S. Carolina judge rules poker game of skill

Justice scales

There's good news and bad news for the defendants in South Carolina who fought charges of operating a gambling house.

Mount Pleasant Judge Lawrence Duffy Jr. said in his decision today that there is overwhelming evidence that poker is a game of skill, not chance.

However, he still found the five men charged guilty of operating a gambling house.

The Greenville Five, who were some of the 20 players charged when the poker game was raided at a house in Greenville, will now have to pay fines.

"While I am disappointed that the judge found my clients guilty by holding them to a standard that is not defined by the law, there are many positive elements that we can take from this opinion as we prepare for the appeal," said Jeff Phillips, the lead attorney for the five defendants in South Carolina.

"Our solid legal arguments were superbly supported by the expert testimony arranged by the PPA. The testimony of Mike Sexton and Professor Robert Hannum [was] invaluable and helped explain the skillful essence of poker to the court. We are grateful for their involvement in this case."

The Poker Players Alliance, a grassroots advocacy group organized to protect the right to play poker, helped arrange the expert testimony from Sexton and Hannum to support the case that poker is a game of skill.

The game of poker is predominantly about making correct decisions rather than just benefiting from mere chance, which means it shouldn't be considered illegal gambling.

Judge Duffy found that testimony persuasive, concluding that poker is a game of skill. The court recognized that this would be an easy case for acquittal if the proper test under South Carolina law is whether a game is predominantly one of skill.

However, the court decided that a higher court must rule on that issue.

The PPA was disappointed that the court's initial conclusion is that the defendants had committed a crime, but the organization expects to prevail under further review.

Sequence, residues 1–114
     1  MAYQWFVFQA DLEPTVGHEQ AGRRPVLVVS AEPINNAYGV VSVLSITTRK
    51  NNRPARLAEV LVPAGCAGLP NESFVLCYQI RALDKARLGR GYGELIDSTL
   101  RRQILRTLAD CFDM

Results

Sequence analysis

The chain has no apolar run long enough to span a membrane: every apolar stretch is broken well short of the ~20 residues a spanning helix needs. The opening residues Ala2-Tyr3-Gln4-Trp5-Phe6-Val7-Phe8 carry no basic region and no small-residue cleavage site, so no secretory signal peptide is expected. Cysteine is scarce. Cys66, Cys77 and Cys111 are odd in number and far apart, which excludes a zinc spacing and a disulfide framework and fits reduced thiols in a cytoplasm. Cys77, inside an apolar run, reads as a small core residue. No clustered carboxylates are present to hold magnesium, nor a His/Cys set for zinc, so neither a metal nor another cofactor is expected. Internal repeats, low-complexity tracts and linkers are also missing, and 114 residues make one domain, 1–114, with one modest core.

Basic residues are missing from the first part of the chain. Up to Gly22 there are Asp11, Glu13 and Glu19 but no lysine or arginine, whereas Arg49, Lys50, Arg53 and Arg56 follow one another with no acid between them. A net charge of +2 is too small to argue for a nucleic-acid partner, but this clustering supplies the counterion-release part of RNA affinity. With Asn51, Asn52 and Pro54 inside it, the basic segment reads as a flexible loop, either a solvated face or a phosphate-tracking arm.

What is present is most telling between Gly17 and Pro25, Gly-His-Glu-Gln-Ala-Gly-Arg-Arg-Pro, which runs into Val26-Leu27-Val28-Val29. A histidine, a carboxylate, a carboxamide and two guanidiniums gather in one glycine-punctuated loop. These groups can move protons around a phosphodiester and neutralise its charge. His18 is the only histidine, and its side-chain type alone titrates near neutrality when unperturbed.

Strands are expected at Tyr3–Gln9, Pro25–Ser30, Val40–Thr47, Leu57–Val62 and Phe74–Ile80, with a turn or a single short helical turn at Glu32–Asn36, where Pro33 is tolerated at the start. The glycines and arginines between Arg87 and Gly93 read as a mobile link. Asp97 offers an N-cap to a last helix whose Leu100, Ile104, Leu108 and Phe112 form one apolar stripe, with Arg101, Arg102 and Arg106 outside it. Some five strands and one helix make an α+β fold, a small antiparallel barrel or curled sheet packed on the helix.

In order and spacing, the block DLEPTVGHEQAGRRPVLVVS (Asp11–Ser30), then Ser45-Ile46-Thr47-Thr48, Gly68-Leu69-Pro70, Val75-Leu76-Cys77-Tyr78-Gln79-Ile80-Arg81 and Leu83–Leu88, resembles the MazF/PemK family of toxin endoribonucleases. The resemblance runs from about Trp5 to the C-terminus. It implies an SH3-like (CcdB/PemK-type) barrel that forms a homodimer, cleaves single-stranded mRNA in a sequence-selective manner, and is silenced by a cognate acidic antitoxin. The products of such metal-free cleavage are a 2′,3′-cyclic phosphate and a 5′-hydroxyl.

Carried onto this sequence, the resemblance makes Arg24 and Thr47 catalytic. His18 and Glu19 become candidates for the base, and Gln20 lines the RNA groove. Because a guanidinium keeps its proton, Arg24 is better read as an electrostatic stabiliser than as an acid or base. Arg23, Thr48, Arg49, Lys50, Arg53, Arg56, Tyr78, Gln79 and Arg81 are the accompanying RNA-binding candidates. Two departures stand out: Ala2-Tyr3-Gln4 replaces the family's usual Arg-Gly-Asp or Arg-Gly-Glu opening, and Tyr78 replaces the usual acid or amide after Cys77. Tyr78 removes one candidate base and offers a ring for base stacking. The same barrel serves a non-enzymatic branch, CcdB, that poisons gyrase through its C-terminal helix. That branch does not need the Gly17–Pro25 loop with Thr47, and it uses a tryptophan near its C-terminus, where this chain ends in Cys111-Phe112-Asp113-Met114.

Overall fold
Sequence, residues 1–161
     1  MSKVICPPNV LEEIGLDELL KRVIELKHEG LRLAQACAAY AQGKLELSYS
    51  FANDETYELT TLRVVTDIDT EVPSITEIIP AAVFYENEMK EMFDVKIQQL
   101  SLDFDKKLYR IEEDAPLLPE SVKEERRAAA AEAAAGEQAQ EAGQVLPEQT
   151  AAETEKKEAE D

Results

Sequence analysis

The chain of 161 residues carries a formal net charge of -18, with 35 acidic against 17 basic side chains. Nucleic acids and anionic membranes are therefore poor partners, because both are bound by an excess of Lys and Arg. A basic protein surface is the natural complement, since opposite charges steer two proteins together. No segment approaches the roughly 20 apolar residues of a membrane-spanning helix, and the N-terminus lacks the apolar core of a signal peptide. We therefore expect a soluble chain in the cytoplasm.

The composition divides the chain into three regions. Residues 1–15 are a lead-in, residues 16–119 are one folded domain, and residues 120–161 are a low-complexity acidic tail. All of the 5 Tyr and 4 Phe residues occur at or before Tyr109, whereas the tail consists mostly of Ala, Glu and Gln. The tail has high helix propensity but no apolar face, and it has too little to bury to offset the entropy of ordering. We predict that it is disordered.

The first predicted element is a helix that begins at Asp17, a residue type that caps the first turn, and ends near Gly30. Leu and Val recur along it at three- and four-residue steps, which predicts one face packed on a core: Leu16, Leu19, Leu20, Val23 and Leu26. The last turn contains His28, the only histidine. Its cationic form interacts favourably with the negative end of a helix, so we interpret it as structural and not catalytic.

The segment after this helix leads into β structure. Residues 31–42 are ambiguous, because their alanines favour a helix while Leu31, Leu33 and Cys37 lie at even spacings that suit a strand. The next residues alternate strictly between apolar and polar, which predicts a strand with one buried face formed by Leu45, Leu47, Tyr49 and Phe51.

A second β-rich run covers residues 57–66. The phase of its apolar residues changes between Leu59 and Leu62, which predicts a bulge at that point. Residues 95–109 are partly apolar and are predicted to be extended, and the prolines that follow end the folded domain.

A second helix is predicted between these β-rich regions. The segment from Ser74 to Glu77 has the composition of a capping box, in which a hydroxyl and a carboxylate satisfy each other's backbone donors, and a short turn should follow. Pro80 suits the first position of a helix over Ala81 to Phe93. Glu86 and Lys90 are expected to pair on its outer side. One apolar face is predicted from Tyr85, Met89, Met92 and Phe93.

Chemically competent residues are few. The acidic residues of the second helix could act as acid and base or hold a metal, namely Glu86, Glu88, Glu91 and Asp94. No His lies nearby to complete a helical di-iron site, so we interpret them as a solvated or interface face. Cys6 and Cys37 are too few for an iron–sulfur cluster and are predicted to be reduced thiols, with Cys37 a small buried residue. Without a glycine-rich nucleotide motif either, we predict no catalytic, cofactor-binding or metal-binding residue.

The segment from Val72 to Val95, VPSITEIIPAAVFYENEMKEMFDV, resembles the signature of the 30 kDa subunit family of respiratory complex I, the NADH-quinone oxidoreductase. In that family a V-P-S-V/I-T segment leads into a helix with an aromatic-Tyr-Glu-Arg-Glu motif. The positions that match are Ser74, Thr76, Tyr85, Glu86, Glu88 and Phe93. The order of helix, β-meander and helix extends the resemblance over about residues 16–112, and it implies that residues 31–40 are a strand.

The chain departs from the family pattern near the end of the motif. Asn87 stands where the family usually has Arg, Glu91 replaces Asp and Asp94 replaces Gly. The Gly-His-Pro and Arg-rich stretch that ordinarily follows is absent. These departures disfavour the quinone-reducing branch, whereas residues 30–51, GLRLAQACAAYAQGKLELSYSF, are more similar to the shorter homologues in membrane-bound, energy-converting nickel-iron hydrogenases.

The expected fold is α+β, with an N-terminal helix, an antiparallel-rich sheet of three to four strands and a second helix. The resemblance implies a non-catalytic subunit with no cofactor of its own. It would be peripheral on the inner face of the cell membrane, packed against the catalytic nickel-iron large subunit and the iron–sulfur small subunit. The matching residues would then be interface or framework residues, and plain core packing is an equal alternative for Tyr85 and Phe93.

"We are humbled by Judge Duffy's thoughtful decision and applaud the effort put forth by the legal team defending these poker players. The positive language in this ruling comes on heels of other key legal victories for the rights of poker players in Kentucky, Colorado, and Pennsylvania," said John Pappas, PPA executive director.

"It's becoming quite clear the legal community agrees that this great American pastime is a game of predominant skill, not luck, and should not be considered gambling under the law."

Under South Carolina law, the term "gaming" means "gambling."  The PPA argued that the court should adopt the rulings of other courts that gambling refers to a game in which the outcome is determined predominantly by chance, not by skill.

According to the PPA, the Justices of the South Carolina Supreme Court who have addressed the issue have concluded that the "predominance" test is correct, and the South Carolina Attorney General has also embraced the predominance test.

"The court's finding is a tentative victory for poker players and all concerned with the rights of individuals to play this game with their friends in their own home," said John Ridgeway, the South Carolina state director of the PPA.

"Poker is a game of skill that is enjoyed by thousands of South Carolinians, and we applaud the judge for recognizing that important distinction. We expect a higher court to agree that under the proper standard, it is not illegal to play a game of skill."

The PPA said it plans to work with the defendants to appeal the case.

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